Police Abuse Hate Crime Laws to Enhance Their Own Power

By: Tate Fegley
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Previously I wrote about efforts in the US Congress to pass legislation that would make police officers an even more protected class by allowing federal prosecutors to charge individuals with committing “hate crimes” against them. While that legislation has not yet passed in the Senate and will hopefully die, some police officers have found other ways to use hate crimes legislation to their benefit.

The state of Pennsylvania has a hate crime statute known as “ethnic intimidation,” applying to a person committing an offense “with malicious intention toward the race, color, religion or national origin of another individual or group of individuals…” The effect of the statute is to enhance the grading of the actual criminal offense committed by one degree, potentially turning a 1st degree misdemeanor into a 3rd degree felony.

The statute was used against Robbie Sanderson , a 52-year-old black man, who was arrested for stealing around $100 worth of merchandise from a CVS Pharmacy. According to the affidavit filed by the Crafton Borough police, during the arrest, he called the officers “Nazis,” “skinheads” and “Gestapo,” and told one officer that he would find that officer’s wife and have sex with her. Sanderson was charged with “felony ethnic intimidation” and “misdemeanor terroristic threats” for these comments.

Pennsylvania law enforcement has used this statute in a number of cases to punish those who insult them: Sannetta Amoroso, a 43-year-old black woman, was charged with felony ethnic intimidation for saying “I’m going to kill all you white b****es” and “death to all you white b****es” while attempting to report a crime to the McKees Rocks Police. Steven Ray Oller was charged with misdemeanor ethnic intimidation for threatening officers and using a racial slur directed at a Latino officer during an arrest for DUI. Anthony Payne was also charged with misdemeanor ethnic intimidation for calling an officer “Gandhi mother****er” during a welfare check at Payne’s home.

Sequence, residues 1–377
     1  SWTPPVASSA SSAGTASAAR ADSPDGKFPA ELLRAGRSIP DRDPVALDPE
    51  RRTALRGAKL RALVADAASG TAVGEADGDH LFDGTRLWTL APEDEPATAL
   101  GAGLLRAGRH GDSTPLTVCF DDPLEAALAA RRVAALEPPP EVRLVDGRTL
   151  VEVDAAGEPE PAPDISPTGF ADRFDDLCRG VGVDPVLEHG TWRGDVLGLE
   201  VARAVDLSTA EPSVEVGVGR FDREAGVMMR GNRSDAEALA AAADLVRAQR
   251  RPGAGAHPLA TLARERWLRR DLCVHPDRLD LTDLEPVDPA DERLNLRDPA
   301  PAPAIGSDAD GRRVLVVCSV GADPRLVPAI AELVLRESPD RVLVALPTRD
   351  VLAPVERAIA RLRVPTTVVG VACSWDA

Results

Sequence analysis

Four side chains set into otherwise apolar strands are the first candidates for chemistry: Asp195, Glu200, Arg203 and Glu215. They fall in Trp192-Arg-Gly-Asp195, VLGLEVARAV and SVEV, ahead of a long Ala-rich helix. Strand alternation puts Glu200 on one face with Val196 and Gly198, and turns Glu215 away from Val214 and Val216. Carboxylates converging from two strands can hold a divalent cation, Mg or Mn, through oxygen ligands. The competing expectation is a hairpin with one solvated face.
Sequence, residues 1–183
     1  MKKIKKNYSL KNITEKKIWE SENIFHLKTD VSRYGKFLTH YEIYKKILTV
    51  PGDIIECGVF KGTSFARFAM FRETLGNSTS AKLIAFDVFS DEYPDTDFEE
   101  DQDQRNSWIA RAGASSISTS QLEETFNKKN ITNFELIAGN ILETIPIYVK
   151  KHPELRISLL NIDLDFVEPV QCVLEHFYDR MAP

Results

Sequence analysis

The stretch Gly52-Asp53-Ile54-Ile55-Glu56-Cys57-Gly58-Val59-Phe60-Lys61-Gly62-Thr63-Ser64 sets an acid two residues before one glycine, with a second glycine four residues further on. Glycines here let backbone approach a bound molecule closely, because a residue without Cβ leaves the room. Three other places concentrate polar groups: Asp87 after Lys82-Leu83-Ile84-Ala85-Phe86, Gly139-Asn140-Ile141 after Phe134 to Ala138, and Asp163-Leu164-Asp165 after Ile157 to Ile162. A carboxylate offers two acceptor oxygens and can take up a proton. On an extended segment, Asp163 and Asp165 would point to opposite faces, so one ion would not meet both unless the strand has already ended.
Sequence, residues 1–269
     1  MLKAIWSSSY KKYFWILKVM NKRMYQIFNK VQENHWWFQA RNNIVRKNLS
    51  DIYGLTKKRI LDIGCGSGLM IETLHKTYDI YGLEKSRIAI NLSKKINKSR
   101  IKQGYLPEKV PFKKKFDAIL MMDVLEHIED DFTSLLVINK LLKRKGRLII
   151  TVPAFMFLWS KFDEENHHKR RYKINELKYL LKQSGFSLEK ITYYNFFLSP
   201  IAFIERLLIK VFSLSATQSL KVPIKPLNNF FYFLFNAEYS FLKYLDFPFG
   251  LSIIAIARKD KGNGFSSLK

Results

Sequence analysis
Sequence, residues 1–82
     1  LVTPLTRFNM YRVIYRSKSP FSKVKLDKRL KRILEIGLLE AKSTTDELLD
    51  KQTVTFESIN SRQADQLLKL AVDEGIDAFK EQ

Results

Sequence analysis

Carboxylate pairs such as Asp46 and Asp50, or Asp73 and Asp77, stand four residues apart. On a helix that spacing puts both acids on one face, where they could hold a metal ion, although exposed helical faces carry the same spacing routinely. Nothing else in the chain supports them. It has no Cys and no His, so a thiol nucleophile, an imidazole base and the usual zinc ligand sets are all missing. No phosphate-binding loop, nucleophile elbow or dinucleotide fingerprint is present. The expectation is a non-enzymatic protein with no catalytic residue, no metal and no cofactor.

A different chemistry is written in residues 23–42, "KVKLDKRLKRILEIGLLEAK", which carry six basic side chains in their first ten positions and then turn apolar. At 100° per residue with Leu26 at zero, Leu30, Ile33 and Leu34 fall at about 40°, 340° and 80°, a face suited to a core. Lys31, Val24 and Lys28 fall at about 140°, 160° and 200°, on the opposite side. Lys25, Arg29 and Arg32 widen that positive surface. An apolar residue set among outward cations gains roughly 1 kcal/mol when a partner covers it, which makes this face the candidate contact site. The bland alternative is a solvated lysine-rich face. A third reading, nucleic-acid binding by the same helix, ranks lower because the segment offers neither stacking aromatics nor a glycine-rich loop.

All of these charges were later dropped and rightfully so, as the text of the statute states that ethnic intimidation cannot be a standalone offense, but rather applies when another crime is motivated by malicious intention toward race, color, religion, or national origin. The officers in these cases blatantly misapplied the law, but faced no adverse consequences for doing so. This should come as no surprise; despite the assurances of apologists for hate crime legislation that it “only appl[ies] when there is an underlying crime to prosecute,” this is clearly not the case in practice.

Furthermore, police apply it for ideological reasons outside of the stated intentions of the law. For example, two teenagers in Baltimore were charged with a hate crime for setting fire to a Trump campaign sign. We are on the slippery slope we were assured wouldn’t occur.

What’s very strange about the whole issue is that those organizations that claim to hold civil liberties in the highest regard, including the 1st Amendment and due process, are those that tend to be most in favor of such sentencing enhancements. They also tend to deny the utility of harsher prison sentences for reducing most other types of crime; as such, they are either inconsistent in their views about harsher sentencing or view the purpose of hate crimes legislation as purely symbolic. Neither alternative reflects well upon them. What is indisputable, however, is that such legislation gives police officers greater discretion and power over individuals. This is something about which those calling themselves civil libertarians need to think carefully.

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